Bangladesh seeks $4.5bn loan from IMF
Economists say the government needs responsible reforms in financial sector to get the IMF loan
Bangladesh has sent a formal request for a $4.5 billion loan to the Washington-based multilateral lender International Monetary Fund (IMF) to combat the ongoing financial crisis.
Another reason for the loan request is foreign exchange (Forex) reserves declining against excessive imports.
The loan request was made in a letter to IMF Managing Director Kristalina Georgieva on Sunday.
According to sources, the government sought the amount as a balance of payment and budget support as well as to mitigate the effects of climate change on Bangladesh.
Of the $4.5 billion sought, $1.5 billion would most likely be interest-free and the remaining amount would come at an interest less than 2%, said finance ministry officials.
To begin the talks, an IMF mission is expected to visit Bangladesh in September. The terms and conditions for the loan will be ironed out during their visit.
By December, the deal is expected to be locked in for placing at the IMF's board meeting in January, the officials added.
However, renowned economist Debapriya Bhattacharya thinks that Bangladesh will have to go through several conditions to get a loan from the Washington-based multilateral lender.
“Right now, we have a large trade deficit. At the same time, remittances are also on the decline. There is great pressure on the exchange rate.
“Due to a lack of foreign exchange, the necessary imports cannot be made. At a time like this, going to the IMF is logical and the right move. Sri Lanka's delay in doing so caused them a huge loss.”
“This money will mainly be used to meet the large deficit in foreign transactions at the moment, and to stabilize the exchange rate of Taka against the dollar by selling dollars,” he added.
“However, before receiving this money, the government has to take several steps to show they are responsible in the eyes of the IMF. This is what we call pre-action. Also, they have to take some steps before releasing each installment,” he further said.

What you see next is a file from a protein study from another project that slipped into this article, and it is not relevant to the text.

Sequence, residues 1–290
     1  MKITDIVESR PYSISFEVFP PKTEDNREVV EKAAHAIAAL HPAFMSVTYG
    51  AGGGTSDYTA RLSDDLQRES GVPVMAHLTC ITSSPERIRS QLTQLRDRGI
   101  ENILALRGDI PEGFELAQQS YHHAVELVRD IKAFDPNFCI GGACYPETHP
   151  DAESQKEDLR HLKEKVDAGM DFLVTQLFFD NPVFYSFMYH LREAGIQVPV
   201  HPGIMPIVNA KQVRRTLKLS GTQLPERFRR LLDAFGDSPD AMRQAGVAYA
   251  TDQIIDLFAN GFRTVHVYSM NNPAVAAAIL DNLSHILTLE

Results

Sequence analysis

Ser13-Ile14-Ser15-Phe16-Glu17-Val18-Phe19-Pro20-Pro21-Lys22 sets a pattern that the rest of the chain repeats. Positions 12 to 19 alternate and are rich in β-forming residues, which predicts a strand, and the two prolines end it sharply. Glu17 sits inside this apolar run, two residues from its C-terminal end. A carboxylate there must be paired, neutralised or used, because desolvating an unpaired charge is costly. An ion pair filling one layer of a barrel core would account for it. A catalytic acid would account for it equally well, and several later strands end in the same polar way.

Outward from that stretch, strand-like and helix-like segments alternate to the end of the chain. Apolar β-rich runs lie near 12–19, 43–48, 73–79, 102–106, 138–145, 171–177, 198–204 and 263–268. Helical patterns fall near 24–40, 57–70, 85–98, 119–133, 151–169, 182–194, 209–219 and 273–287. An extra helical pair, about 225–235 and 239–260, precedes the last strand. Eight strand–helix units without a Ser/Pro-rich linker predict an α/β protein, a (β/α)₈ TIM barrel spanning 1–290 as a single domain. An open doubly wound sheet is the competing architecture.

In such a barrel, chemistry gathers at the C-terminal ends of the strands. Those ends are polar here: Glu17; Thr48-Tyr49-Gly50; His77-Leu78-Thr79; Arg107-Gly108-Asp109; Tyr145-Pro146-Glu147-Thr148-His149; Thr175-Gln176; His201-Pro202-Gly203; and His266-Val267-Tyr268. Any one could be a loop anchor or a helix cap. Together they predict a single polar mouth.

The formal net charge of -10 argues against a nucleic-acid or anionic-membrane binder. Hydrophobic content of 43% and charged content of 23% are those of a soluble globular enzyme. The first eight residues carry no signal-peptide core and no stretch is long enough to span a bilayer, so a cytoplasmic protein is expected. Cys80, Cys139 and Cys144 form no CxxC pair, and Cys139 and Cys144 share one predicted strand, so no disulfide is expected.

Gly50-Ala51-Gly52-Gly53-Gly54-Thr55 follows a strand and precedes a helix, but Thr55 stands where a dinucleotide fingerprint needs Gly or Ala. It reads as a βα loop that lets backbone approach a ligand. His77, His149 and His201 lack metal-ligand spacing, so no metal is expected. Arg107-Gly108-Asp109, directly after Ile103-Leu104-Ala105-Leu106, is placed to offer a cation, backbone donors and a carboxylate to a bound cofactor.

Asked about the possible reform and IMF conditions, Debapriya said: "The exchange rate of Taka should be floating and based on the market. The incentives given by the government to the foreign currency now may need to be adjusted. Monetary policy should be harmonized with fiscal policy.”
“In that case, a level has to be specified in the subsidy in order to control the expenditure. Besides, the role of the central bank should also be strengthened. And in that case, there may be conditions for the recovery of defaulted loans,” he added.
“In fact, the IMF is saying what independent economists have been telling the government for a long time. But unfortunately, the government has not taken them into account so far. Even now, if these reform measures are taken, it will be good for our economy.”
“Needless to say, it will not be very pleasant politically when the government has to resort to such controls on the eve of elections,” he warned.
IMF delegates visit Dhaka
Earlier last week, a visiting IMF delegation sat with Bangladesh Bank officials. During the meeting, they expressed concern over the weakness of Bangladesh's banking system and the high rate of non-performing loans (NPLs).
Requesting anonymity, a senior official of the Ministry of Finance earlier said: “IMF has recommended removing the interest rate caps on lending and borrowing. Apart from a market-based floating exchange rate of Taka or foreign currency exchange rate system, the organization has also suggested resetting the methodology on foreign currency reserves.”
Other countries seeking IMF loan
In South Asia, Sri Lanka, facing its worst economic crisis in seven decades, is currently in negotiations for an IMF bailout.
The island nation ran out of foreign currency to import, even its most vital essentials, triggering long queues at petrol stations, food shortages and lengthy power cuts.
Pakistan’s foreign exchange reserves are depleting rapidly.
According to an Al-Jazeera report, Pakistan reached an agreement with the IMF earlier this month that would pave the way for the release of an additional $1.2 billion in loans and unlock more funding.
Other countries also sought help this month, from the IMF. The agency agreed to provide Tanzania with $1.05 billion, while Ghana, one of West Africa's largest economies, has sought $1.5 billion in loans.